The PowerShell SDK is an effective tool for systems administrators. It’s familiar. It’s well documented. It can be used to perform a lot of the same tasks as we can do with direct API calls. It is an excellent option for an administrator who want to create automation workflows against Microsoft Graph, but is it the best option?

Is there really a better option?

There is an undeniable benefit to administrators using the Graph SDK. PowerShell is a familiar platform and is a skill that most of us are comfortable with. We aren’t developers. We don’t spend all day in code or working with APIs, and most of the Microsoft Graph documentation is targeted at developers who are already familiar with making REST calls. It takes time to learn a new skill, but sometimes the time invested pays off.

PowerShell is a great tool. It lowers the barrier to entry for systems administrators to create solutions that range from UI-driven tools to back-end automations. It’s integral to every system’s engineer’s job. Using direct REST API calls to Microsoft Graph isn’t about replacing the SDK. It is about adding another tool to your toolbox. You should use whatever tool works best for you and your scenario. I prefer making direct API calls.

Before I get into the reasons, I choose to make direct calls to Microsoft Graph, here’s an example of how I work with Microsoft Graph. This script was described in detail in a previous post. In this example, I am connecting to Azure Active Directory to get a bearer token using the MSAL.ps module. The Invoke-MsGraphCall function is used to call Invoke-RestMethod. All of the parameters needed for the API call are splatted in a hashtable before being passed to Invoke-RestMethod.

I know this looks like a lot of information, but if we break it down, we can see that it’s actually a very simple block of code. Almost all of it can be reused to make any call to Microsoft Graph. The Invoke-MsGraphCall function can be used to make almost any REST API call without making any changes. At the start of the script, we gather information needed to connect to Azure and return an access token. I use a version of this in every script that I use to interact with Graph.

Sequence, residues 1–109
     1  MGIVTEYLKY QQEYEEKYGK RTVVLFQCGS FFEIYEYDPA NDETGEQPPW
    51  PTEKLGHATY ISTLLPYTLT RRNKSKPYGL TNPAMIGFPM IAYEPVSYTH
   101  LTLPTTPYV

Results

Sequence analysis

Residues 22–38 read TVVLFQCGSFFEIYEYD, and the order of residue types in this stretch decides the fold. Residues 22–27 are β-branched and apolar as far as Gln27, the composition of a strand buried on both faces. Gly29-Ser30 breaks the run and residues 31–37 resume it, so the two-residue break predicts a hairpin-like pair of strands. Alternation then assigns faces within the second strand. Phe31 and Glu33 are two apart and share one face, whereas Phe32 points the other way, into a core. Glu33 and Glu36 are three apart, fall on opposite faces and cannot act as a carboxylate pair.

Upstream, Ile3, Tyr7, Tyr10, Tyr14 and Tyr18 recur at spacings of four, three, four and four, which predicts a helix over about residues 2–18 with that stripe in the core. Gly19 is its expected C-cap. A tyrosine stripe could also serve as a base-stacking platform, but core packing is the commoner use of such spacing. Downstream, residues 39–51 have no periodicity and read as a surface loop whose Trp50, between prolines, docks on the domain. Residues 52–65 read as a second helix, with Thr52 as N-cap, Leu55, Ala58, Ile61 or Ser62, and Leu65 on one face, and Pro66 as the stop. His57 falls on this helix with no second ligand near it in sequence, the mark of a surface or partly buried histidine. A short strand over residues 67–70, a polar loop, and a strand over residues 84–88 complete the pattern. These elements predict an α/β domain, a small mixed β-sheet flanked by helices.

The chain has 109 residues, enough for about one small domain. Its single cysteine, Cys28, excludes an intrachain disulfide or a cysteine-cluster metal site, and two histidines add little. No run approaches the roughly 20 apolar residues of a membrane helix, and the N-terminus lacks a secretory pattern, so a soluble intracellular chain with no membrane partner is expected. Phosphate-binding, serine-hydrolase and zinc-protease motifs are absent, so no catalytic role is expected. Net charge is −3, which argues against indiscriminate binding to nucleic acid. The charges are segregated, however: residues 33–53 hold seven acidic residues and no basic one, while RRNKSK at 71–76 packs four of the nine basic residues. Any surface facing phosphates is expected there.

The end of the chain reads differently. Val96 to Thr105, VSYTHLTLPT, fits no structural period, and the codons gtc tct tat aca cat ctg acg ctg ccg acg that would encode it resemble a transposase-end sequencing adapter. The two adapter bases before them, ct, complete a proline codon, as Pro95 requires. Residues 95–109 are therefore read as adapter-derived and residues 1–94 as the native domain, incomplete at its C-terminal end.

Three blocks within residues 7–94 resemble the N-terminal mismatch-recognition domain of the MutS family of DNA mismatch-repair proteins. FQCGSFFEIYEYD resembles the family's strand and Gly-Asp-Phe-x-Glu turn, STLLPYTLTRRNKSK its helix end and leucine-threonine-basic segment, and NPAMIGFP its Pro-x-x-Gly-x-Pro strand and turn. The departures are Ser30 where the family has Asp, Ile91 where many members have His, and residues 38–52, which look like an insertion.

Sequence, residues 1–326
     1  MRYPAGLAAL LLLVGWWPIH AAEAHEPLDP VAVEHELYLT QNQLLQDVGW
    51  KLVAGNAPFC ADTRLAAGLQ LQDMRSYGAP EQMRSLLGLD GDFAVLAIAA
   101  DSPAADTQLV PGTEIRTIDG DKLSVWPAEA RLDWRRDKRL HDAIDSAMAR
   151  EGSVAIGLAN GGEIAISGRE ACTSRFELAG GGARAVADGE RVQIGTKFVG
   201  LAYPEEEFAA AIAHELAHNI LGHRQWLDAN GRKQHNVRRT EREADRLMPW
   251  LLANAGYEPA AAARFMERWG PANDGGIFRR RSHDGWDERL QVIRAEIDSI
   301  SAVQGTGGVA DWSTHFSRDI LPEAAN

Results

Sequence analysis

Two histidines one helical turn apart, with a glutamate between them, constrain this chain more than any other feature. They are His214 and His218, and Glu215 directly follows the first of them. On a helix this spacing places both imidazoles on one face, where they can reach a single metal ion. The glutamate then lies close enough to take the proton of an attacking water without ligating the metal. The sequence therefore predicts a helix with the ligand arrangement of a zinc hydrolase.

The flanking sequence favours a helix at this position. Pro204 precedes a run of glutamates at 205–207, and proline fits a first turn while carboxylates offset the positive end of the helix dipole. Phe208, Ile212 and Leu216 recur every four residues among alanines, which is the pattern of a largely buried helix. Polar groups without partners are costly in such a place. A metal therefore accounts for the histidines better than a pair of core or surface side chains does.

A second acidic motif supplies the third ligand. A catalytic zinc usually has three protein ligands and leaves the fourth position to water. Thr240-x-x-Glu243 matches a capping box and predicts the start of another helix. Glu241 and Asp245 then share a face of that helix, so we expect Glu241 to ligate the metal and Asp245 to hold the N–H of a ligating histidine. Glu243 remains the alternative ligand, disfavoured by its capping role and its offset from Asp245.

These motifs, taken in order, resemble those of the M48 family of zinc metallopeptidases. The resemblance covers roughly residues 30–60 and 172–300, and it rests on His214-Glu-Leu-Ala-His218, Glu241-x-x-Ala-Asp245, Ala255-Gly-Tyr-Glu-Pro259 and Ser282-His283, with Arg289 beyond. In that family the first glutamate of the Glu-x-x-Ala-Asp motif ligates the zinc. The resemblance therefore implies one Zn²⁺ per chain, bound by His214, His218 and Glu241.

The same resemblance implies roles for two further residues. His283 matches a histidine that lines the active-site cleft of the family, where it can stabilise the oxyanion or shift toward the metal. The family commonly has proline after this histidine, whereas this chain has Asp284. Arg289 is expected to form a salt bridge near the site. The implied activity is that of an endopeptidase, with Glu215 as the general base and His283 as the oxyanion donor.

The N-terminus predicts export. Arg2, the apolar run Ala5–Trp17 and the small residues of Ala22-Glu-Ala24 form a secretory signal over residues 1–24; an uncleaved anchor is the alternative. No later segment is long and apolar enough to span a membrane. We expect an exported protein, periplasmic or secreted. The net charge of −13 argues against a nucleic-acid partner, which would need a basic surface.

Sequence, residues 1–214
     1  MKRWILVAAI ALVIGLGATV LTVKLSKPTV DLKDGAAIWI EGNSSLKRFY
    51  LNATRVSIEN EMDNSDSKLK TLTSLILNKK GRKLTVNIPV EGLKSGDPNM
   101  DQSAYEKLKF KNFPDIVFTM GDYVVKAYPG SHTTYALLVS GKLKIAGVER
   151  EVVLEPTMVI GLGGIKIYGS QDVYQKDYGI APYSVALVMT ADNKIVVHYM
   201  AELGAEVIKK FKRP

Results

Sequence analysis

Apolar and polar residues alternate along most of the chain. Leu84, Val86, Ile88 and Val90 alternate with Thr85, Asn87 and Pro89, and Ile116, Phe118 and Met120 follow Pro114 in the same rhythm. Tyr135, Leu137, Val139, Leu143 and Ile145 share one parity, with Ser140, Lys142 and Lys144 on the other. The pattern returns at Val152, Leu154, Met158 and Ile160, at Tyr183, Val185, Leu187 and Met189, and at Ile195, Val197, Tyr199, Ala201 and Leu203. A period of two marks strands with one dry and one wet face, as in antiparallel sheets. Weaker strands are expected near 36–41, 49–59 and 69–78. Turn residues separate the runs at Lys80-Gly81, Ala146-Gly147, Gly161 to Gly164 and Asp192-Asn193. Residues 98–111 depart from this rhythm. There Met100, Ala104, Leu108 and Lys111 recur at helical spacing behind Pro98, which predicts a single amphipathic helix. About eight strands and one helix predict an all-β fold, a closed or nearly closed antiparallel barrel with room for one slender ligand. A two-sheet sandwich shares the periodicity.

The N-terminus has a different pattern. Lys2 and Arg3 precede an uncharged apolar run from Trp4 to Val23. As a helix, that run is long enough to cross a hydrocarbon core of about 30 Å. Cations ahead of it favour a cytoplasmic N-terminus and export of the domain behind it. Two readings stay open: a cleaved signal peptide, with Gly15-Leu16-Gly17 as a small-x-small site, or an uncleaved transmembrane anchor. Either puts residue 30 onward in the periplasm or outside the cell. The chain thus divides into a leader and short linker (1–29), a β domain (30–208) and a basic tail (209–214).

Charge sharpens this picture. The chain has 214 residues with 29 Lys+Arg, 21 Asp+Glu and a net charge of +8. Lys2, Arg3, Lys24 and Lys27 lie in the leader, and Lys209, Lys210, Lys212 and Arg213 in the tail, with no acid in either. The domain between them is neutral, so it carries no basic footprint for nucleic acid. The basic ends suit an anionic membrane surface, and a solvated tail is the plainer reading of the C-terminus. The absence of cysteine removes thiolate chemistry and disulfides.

#Call Get-MSALToken to get access token. In production secrets should be passed in securely from a key vault
$authparams = @{
    ClientId    = '[Client Id]'
    TenantId    = '[Tenant Id]]'
    ClientSecret = ('[Client Secret]' | ConvertTo-SecureString -AsPlainText -Force )

$auth = Get-MsalToken @authParams
$AccessToken = $auth.AccessToken

The next section of the script defines the function Invoke-MsGraphCall. We pass our access token, URI, REST method, and a body (if required) into the function. These parameters are added to a splat hashtable that is used to pass parameters into Invoke-RestMethod. If the method being used requires a body, the body is then added to the hashtable. Finally, we make our API call and return the response to the script.

#Invoke-MsGraphCall function is used to create hashtable with all required parameters for Invoke-RestMethod and make the API call
Function Invoke-MsGraphCall {
    #Create Splat hashtable
    $graphSplatParams = @{
        Headers     = @{
            "Content-Type"  = "application/json"
            "Authorization" = "Bearer $($AccessToken)"
        Method = $Method
        URI = $URI
        ErrorAction = "SilentlyContinue"
        StatusCodeVariable = "scv"

    #If method requires body, add body to splat
    If($Method -in ('PUT','PATCH','POST')){
        $graphSplatParams["Body"] = $Body 

    #Make API call with Invoke-RestMethod
    $MSGraphResult = Invoke-RestMethod @graphSplatParams

    #Return status code variable to script
    Return $SCV, $MSGraphResult

The last block of code is where the work is being done. This is typically the only section that needs to be updated. We are making a POST request to the endpoint https://graph.microsoft.com/beta/users. POST, PUT, and PATCH require a body to be passed in the request. A request body is essentially a list of instructions that tells the endpoint which record to update and what properties need to be added or changed. This request has a more complex body than most, but I think it demonstrates the concept well.

When you use this script to make a call to Microsoft Graph, you need to update the URI and Method. If the request will require a body, you simply replace the hashtable with your own and you are ready to make the API call.